Thousands gathered in Tunis Thursday to mark the fifth anniversary of the revolution that toppled longtime dictator Zine al-Abidine Ben Ali and inspired the Arab Spring, AFP reported.
Tunisians flocked to Habib Bourguiba Avenue in central Tunis, the main site of the uprising five years ago. Many attended political rallies, chanting slogans like "Work! Freedom! Dignity!" while others attended concerts and reminisced about the revolution.
Despite Tunisians' fierce pride of the revolution, the anniversary was tempered by economic concerns and a rise in militant violence.
“The revolution did not help me in any way – prices went up, many young people are still marginalized,” Latifa, a 40-year-old seamstress, told AFP. “But I came to celebrate anyway, because the revolution brought us some democracy, and that’s important.”
Tunisia's revolution inspired uprisings in Egypt, Libya, Yemen, and other Arab countries, but five years later Tunisia is the only success story of the Arab Spring. Syria and Yemen have been thrown into civil war, Libya remains wracked by a fractured political system and militant violence, and Egypt's first democratically elected leader was overthrown in a military coup.
By contrast, Tunisia has organized elections in 2011 and 2014, adopted a new constitution, and last year its National Dialogue Quartet - a group of civil society organizations - was awarded the Nobel Peace Prize for facilitatiing the transition to democracy.
“We are proud of the Tunisian exception, which dazzled the world. Tunisia broke once and for all with authoritarianism and tyranny,” Prime Minister Habib Essid said in a statement to mark the anniversary.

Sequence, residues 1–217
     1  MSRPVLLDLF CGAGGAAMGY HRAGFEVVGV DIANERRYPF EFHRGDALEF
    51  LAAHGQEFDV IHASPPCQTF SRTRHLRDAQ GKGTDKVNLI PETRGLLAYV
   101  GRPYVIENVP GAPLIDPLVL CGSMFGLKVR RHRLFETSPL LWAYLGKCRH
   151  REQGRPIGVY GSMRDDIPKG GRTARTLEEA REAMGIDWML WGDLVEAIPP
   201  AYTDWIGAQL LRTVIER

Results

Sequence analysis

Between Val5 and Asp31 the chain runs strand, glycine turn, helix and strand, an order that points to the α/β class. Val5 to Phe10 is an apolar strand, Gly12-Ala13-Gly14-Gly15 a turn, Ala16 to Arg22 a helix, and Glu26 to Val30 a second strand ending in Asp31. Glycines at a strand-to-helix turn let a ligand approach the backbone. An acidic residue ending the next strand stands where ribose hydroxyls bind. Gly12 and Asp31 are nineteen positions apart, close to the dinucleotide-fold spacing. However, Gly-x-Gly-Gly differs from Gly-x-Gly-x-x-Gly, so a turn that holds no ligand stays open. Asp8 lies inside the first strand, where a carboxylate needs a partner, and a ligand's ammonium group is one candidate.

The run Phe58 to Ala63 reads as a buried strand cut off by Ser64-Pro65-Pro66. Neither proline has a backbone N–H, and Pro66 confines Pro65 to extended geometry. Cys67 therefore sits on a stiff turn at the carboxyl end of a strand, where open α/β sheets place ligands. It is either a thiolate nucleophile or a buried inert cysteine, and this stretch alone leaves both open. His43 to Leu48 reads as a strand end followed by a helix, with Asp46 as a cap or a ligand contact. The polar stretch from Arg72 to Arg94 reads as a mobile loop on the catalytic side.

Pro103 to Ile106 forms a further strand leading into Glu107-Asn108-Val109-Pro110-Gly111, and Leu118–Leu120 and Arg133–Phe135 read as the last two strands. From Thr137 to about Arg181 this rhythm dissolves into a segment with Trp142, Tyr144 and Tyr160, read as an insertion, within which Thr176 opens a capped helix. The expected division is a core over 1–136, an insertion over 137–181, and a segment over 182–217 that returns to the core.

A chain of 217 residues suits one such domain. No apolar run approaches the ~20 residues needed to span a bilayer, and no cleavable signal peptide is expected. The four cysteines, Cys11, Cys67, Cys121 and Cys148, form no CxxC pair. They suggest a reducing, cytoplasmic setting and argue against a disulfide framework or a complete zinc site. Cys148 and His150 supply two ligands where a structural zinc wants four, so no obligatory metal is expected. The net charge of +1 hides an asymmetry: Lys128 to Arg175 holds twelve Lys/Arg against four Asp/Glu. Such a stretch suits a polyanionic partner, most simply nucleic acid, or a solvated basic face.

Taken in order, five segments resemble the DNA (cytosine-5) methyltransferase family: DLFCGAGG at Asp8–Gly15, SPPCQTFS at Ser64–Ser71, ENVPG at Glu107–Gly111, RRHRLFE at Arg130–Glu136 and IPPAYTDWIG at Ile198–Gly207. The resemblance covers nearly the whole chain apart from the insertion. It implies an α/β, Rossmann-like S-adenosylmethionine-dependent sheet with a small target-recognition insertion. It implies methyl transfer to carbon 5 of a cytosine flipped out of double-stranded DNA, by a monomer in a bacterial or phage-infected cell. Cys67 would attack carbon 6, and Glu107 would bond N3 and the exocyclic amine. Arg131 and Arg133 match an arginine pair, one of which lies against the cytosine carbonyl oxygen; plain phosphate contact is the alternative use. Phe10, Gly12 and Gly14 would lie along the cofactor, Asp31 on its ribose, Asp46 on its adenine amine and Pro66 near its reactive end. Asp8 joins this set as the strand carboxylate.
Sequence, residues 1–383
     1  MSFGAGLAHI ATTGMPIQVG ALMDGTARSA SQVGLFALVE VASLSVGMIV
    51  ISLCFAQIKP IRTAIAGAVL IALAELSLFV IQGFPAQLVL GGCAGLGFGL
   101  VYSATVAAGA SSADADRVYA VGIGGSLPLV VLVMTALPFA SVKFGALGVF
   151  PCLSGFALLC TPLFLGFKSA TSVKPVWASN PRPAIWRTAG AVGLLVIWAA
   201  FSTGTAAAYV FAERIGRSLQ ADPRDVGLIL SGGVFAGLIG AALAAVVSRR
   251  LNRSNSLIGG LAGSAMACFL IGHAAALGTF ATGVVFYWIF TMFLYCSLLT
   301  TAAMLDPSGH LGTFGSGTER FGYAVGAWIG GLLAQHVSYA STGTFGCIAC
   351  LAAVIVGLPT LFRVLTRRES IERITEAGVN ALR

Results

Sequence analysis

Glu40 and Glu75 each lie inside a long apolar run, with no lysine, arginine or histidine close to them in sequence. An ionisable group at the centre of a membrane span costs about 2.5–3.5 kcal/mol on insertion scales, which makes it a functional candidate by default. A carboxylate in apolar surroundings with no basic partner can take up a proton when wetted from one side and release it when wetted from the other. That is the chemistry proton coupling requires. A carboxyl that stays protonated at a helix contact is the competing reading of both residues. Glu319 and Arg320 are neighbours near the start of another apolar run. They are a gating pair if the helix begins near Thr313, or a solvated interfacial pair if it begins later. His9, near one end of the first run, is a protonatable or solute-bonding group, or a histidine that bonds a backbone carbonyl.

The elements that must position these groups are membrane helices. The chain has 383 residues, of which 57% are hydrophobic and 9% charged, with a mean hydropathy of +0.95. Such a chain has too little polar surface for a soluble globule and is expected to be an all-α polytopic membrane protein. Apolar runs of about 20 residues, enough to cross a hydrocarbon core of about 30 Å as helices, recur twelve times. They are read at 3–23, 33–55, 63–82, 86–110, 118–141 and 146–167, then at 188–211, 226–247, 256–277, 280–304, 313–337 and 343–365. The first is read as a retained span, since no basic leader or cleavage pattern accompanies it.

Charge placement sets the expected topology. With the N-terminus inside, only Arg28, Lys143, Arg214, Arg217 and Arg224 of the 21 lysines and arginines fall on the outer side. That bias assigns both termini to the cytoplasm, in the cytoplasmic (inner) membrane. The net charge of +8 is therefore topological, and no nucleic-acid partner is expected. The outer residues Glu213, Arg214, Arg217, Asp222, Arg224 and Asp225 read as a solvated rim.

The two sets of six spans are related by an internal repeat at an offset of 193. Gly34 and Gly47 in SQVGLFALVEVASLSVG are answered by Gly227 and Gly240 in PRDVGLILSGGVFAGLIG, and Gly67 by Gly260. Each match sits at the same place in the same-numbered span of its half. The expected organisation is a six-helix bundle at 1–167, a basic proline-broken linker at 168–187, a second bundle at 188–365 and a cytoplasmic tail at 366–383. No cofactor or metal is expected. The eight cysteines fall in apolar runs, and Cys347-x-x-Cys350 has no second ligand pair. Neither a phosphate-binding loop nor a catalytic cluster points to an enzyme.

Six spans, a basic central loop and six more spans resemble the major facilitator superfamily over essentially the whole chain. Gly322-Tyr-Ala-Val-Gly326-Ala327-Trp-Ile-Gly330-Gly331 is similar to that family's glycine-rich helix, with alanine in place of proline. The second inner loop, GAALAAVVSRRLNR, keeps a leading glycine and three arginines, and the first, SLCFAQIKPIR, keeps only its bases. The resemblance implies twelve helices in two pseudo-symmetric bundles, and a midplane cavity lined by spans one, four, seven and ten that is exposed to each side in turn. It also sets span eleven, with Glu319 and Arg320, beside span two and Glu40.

However, Tunisia's economy remains sluggish, with poverty and unemployment still high, especially among young people.
But the country has struggled to revive its economy, with poverty and unemployment still high.
Since Ben Ali's overthrow there has also been an uptick in militant violence, most dramatically in the attacks on the Bardo museum and on a Mediterranean resort last year.
The state of the revolution remains fragile as the country struggles to rebuild its economy and not slide back into authoritarianism in the wake of militant attacks.
“Torture and repression were hallmarks of former president Ben Ali’s regime; they must not be allowed to become defining features of post-uprising Tunisia,” Said Boumedouha, the deputy director of Amnesty International's Middle East and North Africa program, told AFP.
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